Wisconsin Republicans enacted a restrictive voter identification law in May 2011, just months after they took control of both houses of the state legislature and the governorship for the first time in over two decades.
The timing of that law, which made it more difficult for low-income and minority Wisconsinites to cast a vote, was no coincidence. A new study in the journal American Politics Research finds that states are more likely to pass voter ID laws soon after their governments switch to Republican control.
Republicans newly in charge of state legislatures are also more likely to embrace voter ID laws if their states have large black and Latino populations, according to the study from Daniel Biggers, a professor of political science at the University of California, Riverside, and Michael Hanmer, a professor at the University of Maryland, College Park.
Those lawmakers often contend that stricter voter ID requirements help reduce voter fraud, but in-person voter fraud is exceptionally rare. An analysis of voter fraud from 2000 to 2014, published in The Washington Post, found just 31 credible allegations of voter impersonation. Still, President Donald Trump has claimed, without evidence, that millions of people voted illegally in the 2016 election and called for an investigation into voter fraud.
Between Trump’s encouragement and November’s election results, the study’s findings would suggest that more voter ID laws are on the horizon. Republicans won majorities in both chambers of the legislatures in Iowa, Kentucky and Minnesota ― meaning they now have total control in 32 states, an all-time high. Iowa is already considering a voter ID proposal.
“It’s not just that you have Republicans in power. It’s that you have Republicans who have just come into power,” Biggers told The Huffington Post. “They’ve just taken over the mechanism necessary to implement these laws and they are more likely to adopt these laws, with one potential motivation being that they want to adopt these laws before they lose the ability to adopt them.”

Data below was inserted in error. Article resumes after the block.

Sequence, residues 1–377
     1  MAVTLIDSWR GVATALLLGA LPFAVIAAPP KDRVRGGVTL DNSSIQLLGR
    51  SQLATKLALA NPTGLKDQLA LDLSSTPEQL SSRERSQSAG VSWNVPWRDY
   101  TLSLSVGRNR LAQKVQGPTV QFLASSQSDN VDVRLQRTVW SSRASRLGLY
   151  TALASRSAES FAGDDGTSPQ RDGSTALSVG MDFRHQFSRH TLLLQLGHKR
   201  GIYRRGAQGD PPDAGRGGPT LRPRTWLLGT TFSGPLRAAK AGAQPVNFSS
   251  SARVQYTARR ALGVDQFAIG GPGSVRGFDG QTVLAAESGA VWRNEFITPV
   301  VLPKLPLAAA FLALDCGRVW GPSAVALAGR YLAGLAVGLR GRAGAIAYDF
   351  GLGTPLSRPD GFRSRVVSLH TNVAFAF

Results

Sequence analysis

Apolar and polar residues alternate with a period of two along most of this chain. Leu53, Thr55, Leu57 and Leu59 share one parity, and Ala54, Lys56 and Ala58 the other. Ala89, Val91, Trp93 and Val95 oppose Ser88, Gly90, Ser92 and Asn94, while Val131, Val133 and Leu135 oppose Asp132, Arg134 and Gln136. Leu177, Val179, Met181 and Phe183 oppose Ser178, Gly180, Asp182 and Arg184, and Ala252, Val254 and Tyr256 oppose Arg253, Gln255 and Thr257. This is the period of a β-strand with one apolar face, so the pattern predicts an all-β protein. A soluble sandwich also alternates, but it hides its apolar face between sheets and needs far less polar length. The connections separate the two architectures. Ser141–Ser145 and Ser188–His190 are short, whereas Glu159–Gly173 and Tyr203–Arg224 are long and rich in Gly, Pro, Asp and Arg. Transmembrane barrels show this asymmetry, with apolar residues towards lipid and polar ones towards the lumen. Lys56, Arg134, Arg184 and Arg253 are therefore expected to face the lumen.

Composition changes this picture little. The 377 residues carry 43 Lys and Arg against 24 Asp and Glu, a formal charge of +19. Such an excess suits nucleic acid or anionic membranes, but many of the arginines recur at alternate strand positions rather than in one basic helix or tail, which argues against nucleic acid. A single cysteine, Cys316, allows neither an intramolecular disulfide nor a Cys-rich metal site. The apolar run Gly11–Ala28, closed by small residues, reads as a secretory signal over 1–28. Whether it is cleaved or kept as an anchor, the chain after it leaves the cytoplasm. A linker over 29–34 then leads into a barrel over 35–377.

He also noted that passing strict voter ID laws can give Republican legislators, “even if it’s on the margins, a better chance of retaining their offices.”
Between 1972 and 2013, the study found, states were 7.9 percent more likely to implement a photo ID law after Republicans took complete control of a state legislature than in periods of steady GOP control, Democratic control or split control of the legislature. After a state switched to a Republican governor, it was 5.4 percent more likely to adopt a photo ID law.
The size of the local minority population also seemed to be a factor in whether a state where Republicans had just taken control of the legislature would adopt a photo ID law: States with higher percentages of African-Americans were 7 percent more likely to pass a law requiring photo ID. States with higher percentages of Latinos were 5.5 percent more likely to do so.
In most cases, Biggers said, the lawmakers appeared to be influenced by the size of both the black and Latino communities.
“No matter how you define voter ID laws, very strict voter ID laws, some are more lenient, no matter what time period you look at, it’s consistently the case that the percent black, the percent Latino in the state is influencing whether or not the states are adopting these things,” he said.
The chances of implementing voter ID increased after 2002. In the most recent years covered by the study, states were 23.8 percent more likely to implement a photo ID law after Republicans took control of the state legislature and 19.2 percent more likely after switching to a Republican governor.
Biggers and Hanmer attribute the spike to the passage of the Help America Vote Act in 2002. The federal law requires first-time voters who register by mail to show ID the first time they vote, a change that the researchers suggest “awakened” Republicans to the possibility of extending voter ID laws to the entire electorate.
Correction: An earlier version of this article incorrectly stated what Daniel Biggers is a professor of. He is a professor of political science.